Goodbye VSO!

Well we’ve missed a few months on the blog and that’s been down to me winding up my VSO work. I actually finished mid January, but a UK trip and other things since then have put us back.
The last few months before that were pleasantly hectic. I’ve been working on a project which came out of the school visits I started making about a year ago. I was asked to find out how schools were getting on with their in-service teacher training (CPD – continuous professional development), in other words all the stuff of staff meetings, INSET days and the like.
My colleague Abeba joined me and our findings were mixed. Any assumptions I might have made about similarities between my own CPD back in the UK and what happens here were frequently wide of the mark.
On the positives we found that most schools did a great job involving all the stakeholders in agreeing priorities (including parents, the community and pupils). Next, priorities from the top (government) were incorporated and a plan prepared – similar to the UK. All fine so far. The next stage was different. The CPD was usually carried out by the subject department (and these are primary schools), and the staff were generally put into groups of 4/5 who seemed to be more or less told to go away and “get on with it”, with little further guidance on how to use their compulsory two hours of CPD per week. What were they supposed to do?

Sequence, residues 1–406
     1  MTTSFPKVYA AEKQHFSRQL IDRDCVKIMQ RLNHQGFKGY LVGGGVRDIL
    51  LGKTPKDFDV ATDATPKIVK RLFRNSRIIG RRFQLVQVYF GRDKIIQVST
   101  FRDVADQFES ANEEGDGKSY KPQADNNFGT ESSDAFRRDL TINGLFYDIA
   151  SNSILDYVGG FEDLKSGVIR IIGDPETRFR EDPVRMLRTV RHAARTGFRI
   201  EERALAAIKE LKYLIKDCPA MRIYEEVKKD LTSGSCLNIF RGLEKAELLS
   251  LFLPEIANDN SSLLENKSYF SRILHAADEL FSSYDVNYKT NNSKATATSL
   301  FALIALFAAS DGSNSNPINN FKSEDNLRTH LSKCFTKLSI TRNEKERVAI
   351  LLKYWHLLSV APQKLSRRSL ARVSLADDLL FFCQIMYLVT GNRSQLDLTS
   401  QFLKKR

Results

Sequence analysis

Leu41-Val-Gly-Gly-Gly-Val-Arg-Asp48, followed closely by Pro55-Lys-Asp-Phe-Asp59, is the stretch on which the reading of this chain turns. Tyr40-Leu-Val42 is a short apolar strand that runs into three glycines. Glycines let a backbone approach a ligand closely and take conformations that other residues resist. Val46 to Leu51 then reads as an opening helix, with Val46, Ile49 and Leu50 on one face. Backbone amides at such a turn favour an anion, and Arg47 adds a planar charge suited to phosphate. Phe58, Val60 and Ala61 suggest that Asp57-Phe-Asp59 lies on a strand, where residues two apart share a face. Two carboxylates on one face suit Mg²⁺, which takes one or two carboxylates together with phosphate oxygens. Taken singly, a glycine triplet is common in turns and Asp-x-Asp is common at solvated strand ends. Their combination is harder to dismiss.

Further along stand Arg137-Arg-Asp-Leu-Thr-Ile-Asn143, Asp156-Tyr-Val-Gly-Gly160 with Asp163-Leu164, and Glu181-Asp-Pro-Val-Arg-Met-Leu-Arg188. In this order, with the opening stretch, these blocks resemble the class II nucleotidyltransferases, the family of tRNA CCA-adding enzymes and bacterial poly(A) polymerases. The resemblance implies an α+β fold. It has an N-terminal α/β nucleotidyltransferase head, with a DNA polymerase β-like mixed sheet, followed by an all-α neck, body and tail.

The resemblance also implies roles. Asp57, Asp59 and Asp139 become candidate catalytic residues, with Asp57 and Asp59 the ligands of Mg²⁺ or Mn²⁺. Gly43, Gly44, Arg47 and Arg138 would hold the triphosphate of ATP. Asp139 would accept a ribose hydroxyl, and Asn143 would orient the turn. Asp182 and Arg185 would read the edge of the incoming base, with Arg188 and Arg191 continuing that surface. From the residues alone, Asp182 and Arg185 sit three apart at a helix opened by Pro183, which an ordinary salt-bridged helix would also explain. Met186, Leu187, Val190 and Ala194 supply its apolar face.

When you bear in mind that five years ago 85% of Ethiopians lived more than 15kms away from a tarmac road, it’s clear that access to useful resources isn’t easy. When I ask my office colleagues where the teachers are supposed to get resources from to implement their ideas, they tell me they can use libraries. The books I’ve seen in school libraries are typically dusty O-level physics books, not necessarily handy when you’ve been asked to improve student behaviour management in your class of nine-year-olds.
My own CPD in the UK started like many other teachers there, buying a monthly copy of “Child Education” or “Junior Ed”. Doing a topic on “dinosaurs”, for example, you had pictures, information, poems and ideas for your topics. In fact, Child Ed is still going with its original publisher, Scholastic, whose numerous books have been the bibles of primary school teachers for decades. Today, it is an active and inviting website, so with the click of a button teachers can find downloadable resources on any subject and any area they want to improve.